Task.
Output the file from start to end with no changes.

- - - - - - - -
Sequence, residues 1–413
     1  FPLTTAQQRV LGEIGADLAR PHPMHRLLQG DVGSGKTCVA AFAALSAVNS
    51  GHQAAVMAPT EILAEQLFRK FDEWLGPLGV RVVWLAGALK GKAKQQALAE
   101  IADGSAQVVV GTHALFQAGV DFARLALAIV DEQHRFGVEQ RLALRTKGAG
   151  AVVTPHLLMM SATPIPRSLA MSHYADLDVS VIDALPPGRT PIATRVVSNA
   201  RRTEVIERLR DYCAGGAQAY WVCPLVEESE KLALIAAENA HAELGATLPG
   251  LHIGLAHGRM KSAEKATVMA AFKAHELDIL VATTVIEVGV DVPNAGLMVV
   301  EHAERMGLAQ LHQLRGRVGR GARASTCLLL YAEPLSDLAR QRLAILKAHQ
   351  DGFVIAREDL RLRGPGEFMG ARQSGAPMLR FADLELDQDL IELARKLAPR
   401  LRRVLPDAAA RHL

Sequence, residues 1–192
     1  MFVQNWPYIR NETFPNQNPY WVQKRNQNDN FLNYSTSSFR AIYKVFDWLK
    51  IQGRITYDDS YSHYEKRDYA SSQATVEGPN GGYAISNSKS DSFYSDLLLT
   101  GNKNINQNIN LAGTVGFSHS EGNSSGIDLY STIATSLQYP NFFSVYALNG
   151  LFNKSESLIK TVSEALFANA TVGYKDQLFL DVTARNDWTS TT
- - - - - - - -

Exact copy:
Sequence, residues 1–413
     1  FPLTTAQQRV LGEIGADLAR PHPMHRLLQG DVGSGKTCVA AFAALSAVNS
    51  GHQAAVMAPT EILAEQLFRK FDEWLGPLGV RVVWLAGALK GKAKQQALAE
   101  IADGSAQVVV GTHALFQAGV DFARLALAIV DEQHRFGVEQ RLALRTKGAG
   151  AVVTPHLLMM SATPIPRSLA MSHYADLDVS VIDALPPGRT PIATRVVSNA
   201  RRTEVIERLR DYCAGGAQAY WVCPLVEESE KLALIAAENA HAELGATLPG
   251  LHIGLAHGRM KSAEKATVMA AFKAHELDIL VATTVIEVGV DVPNAGLMVV
   301  EHAERMGLAQ LHQLRGRVGR GARASTCLLL YAEPLSDLAR QRLAILKAHQ
   351  DGFVIAREDL RLRGPGEFMG ARQSGAPMLR FADLELDQDL IELARKLAPR
   401  LRRVLPDAAA RHL

Sequence, residues 1–192
     1  MFVQNWPYIR NETFPNQNPY WVQKRNQNDN FLNYSTSSFR AIYKVFDWLK
    51  IQGRITYDDS YSHYEKRDYA SSQATVEGPN GGYAISNSKS DSFYSDLLLT
   101  GNKNINQNIN LAGTVGFSHS EGNSSGIDLY STIATSLQYP NFFSVYALNG
   151  LFNKSESLIK TVSEALFANA TVGYKDQLFL DVTARNDWTS TT